Thousand Oaks, California-based Teledyne announced March 28 the completion of its $789 million acquisition of e2v, a Chelmsford, U.K. company that builds space-qualified imagers and arrays, semiconductors, and other products. Cameras on the European Space Agency’s Rosetta comet mission, the Peruvian government’s PerúSAT-1 and NASA’s Juno mission to Jupiter were build by e2v.

Outside of space, e2v supplies imaging sensors and custom camera solutions for the machine vision market, and RF components and subsystems for healthcare, industrial and defense applications. The company reported $295 million in sales for the year ended March 31, 2016.

“Every business within e2v is highly complementary to Teledyne and will contribute to our balanced portfolio of highly engineered products,” said Teledyne chief executive Robert Mehrabian. “From industrial machine vision to space-based imaging, microwave devices spanning radar to radiotherapy, and specialty semiconductors through micro electro-mechanical systems, our respective capabilities and engineering-centric cultures are truly a great fit.”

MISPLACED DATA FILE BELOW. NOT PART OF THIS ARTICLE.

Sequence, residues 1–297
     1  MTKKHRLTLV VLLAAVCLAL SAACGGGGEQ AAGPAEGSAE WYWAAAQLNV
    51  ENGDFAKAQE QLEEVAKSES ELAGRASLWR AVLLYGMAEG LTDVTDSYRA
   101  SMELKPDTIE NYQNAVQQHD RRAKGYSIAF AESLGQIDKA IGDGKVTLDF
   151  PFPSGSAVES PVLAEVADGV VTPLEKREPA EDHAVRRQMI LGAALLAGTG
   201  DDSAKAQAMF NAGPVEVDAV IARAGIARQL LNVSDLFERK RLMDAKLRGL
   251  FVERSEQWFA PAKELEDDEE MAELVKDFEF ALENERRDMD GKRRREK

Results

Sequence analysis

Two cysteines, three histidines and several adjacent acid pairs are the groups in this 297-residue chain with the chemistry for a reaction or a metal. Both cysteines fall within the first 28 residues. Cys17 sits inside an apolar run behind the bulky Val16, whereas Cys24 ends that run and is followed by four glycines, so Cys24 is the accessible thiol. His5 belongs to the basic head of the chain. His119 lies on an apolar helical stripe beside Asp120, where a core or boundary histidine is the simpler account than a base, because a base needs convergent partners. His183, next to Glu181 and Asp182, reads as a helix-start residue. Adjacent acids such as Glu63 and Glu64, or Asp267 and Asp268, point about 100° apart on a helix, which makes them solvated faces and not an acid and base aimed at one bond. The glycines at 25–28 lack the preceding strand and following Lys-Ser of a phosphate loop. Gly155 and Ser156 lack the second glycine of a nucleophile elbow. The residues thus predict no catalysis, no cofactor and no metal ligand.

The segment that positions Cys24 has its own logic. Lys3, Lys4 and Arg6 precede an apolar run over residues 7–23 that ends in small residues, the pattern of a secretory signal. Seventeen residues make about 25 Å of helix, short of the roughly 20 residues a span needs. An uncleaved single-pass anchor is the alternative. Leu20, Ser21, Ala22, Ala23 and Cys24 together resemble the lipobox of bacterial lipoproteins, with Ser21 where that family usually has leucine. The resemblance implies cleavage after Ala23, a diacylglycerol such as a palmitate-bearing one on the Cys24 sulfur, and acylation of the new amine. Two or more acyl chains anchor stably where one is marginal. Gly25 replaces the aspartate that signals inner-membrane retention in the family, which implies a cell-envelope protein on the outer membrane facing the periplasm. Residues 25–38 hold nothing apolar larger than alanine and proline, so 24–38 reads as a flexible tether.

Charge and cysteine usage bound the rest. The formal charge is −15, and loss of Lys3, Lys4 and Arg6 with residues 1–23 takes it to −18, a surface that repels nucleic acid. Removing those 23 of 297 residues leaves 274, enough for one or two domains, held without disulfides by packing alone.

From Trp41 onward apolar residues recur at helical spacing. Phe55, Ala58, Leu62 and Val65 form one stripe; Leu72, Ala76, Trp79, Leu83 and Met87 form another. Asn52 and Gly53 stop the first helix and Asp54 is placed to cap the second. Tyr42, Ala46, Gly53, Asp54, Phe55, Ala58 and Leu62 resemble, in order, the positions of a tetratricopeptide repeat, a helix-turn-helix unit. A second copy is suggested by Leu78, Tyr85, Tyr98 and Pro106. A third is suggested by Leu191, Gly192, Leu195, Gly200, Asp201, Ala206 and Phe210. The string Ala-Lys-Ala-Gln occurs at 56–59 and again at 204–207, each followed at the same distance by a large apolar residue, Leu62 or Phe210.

The acquisition gives Teledyne Technologies a stronger presence in the U.K., where it was already present, and greater reach into Europe.

Its Teledyne Defence business, based in the U.K., is supplying repeater equipment for OneWeb’s first 900 satellites, which are being built by the Airbus and OneWeb joint venture OneWeb Satellites. 

Teledyne Scientific & Imaging, also in Thousand Oaks, California, received the contract March 20 from the French space agency CNES worth $9.98 million to supply infrared detectors and electronics for the ESA’s Jupiter Icy Moons Explorer, or Juice, mission.

SpaceNews.com

Source: Space News